Words by c.z.robertson

Features in bayesian spam filtering

2009-04-17 05:01:24 GMT/BST

I've recently switched from using CRM114 as my spam filter to SpamAssassin. I wanted to take advantage of systems like Razor and Pyzor and I wanted to apply some whitelisting. On the other hand, I'm inclined to think that a bayesian classifier approach to content filtering makes a lot more sense than SpamAssassin's collection of weighted tests. I don't know how the weights of SpamAssassin's tests were calculated. They seem very precise, but I wonder about their accuracy. Furthermore, you might expect their accuracy to vary from person to person.

So here's what I was thinking: The weights of the tests should be calculated in a bayesian way. Run each test over the email and if it triggers then add it as a feature for bayesian consideration. Currently all the bayesian spam filters that I'm aware of only use words (or some tokens based on words) in the email as the features they consider. But I'd like to know how much spaminess is implied by an email coming from a machine with no reverse DNS. SpamAssassin gives that a score of 0.1 (with a score of 5 indicating spam, by default), so it's got some sort of implicit notion of probability, but I'd like to see that probability calculated using bayesian techniques.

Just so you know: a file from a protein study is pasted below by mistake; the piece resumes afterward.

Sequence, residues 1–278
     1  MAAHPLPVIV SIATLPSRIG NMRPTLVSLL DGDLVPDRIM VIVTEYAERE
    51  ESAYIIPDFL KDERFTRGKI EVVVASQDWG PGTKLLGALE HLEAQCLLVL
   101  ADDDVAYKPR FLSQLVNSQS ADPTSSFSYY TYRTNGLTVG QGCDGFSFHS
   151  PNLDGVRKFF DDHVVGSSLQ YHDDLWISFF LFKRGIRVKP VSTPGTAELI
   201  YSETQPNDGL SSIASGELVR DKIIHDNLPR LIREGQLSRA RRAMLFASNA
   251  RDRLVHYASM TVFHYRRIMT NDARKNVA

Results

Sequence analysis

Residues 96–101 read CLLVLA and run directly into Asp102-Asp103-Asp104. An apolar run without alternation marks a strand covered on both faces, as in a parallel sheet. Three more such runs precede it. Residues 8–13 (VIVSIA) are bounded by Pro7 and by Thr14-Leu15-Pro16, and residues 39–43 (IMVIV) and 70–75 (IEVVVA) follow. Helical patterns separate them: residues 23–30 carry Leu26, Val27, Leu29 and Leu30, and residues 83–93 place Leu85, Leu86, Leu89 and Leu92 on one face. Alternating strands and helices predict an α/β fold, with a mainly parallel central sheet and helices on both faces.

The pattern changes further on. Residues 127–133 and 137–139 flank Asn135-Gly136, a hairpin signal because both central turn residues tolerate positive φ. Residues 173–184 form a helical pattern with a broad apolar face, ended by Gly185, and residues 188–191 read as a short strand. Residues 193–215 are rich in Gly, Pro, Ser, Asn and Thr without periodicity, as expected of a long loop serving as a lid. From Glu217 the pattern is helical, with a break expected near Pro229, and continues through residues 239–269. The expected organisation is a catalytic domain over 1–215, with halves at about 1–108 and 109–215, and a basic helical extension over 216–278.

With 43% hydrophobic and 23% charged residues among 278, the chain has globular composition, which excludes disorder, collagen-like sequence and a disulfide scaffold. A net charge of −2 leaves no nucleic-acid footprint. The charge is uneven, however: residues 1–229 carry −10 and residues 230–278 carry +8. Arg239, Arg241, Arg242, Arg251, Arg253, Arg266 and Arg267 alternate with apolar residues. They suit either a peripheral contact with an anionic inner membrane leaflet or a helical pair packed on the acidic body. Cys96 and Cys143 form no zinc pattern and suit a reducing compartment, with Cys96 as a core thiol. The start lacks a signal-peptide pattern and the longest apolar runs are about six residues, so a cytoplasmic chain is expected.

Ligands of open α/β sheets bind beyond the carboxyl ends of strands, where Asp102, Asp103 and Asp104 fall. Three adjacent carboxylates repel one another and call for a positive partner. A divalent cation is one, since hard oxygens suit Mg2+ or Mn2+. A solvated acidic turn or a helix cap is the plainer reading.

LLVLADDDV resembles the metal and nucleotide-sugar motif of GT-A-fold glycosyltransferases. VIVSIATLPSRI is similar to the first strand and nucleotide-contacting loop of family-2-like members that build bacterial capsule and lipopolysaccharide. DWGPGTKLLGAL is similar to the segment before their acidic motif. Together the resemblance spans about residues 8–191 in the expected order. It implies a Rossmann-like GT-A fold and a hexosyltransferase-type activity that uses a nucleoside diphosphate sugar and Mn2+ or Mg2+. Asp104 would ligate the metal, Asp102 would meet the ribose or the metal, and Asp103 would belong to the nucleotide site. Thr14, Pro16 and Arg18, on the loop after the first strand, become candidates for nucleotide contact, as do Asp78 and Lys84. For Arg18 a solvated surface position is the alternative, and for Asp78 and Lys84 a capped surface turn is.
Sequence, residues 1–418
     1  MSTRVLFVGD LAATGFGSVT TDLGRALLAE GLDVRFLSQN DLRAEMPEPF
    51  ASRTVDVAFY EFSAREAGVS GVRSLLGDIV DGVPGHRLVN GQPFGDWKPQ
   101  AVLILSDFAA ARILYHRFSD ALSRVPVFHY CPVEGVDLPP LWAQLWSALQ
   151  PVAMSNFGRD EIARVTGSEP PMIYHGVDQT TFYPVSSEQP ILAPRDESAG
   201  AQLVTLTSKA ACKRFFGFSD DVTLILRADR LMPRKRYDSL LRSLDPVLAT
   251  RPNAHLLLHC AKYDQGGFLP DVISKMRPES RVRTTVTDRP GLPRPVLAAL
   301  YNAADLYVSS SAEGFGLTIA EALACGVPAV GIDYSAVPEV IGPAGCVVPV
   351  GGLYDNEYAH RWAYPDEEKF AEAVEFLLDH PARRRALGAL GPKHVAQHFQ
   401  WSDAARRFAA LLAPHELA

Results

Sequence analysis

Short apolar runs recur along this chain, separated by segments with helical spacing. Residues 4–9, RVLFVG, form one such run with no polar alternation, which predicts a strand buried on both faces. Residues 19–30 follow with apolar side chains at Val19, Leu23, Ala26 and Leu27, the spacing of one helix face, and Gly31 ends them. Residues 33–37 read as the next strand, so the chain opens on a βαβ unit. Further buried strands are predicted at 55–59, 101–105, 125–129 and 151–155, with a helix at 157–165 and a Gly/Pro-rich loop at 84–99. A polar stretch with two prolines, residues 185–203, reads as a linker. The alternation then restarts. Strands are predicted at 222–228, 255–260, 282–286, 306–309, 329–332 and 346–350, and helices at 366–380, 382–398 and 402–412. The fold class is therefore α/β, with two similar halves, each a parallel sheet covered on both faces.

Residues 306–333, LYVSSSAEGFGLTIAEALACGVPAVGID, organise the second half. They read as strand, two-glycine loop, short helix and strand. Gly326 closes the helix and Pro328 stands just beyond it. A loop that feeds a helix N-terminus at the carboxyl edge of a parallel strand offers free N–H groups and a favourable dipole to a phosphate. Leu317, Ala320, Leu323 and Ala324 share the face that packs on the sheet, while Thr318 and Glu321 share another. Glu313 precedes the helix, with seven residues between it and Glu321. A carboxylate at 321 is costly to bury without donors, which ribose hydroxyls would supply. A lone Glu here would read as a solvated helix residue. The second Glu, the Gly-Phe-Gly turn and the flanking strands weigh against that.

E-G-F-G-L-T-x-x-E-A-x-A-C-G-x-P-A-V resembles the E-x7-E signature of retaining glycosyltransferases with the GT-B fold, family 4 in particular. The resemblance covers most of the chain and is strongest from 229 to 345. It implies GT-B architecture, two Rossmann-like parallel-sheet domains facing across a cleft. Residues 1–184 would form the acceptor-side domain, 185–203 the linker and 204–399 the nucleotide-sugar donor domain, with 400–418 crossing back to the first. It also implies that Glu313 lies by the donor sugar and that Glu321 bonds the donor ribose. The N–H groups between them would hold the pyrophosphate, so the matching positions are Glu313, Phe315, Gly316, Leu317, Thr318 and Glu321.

Funnily, while writing this post I realised that I'm not the first person to come up with this idea:

Specific spam features (e.g. not seeing the recipient's address in the to: field) do of course have value in recognizing spam. They can be considered in this algorithm by treating them as virtual words. I'll probably do this in future versions, at least for a handful of the most egregious spam indicators. Feature-recognizing spam filters are right in many details; what they lack is an overall discipline for combining evidence.

That's from Paul Graham's A Plan for Spam, the essay that brought the world's attention to bayesian spam filtering in the first place. If anyone knows of a system that does this then please let me know.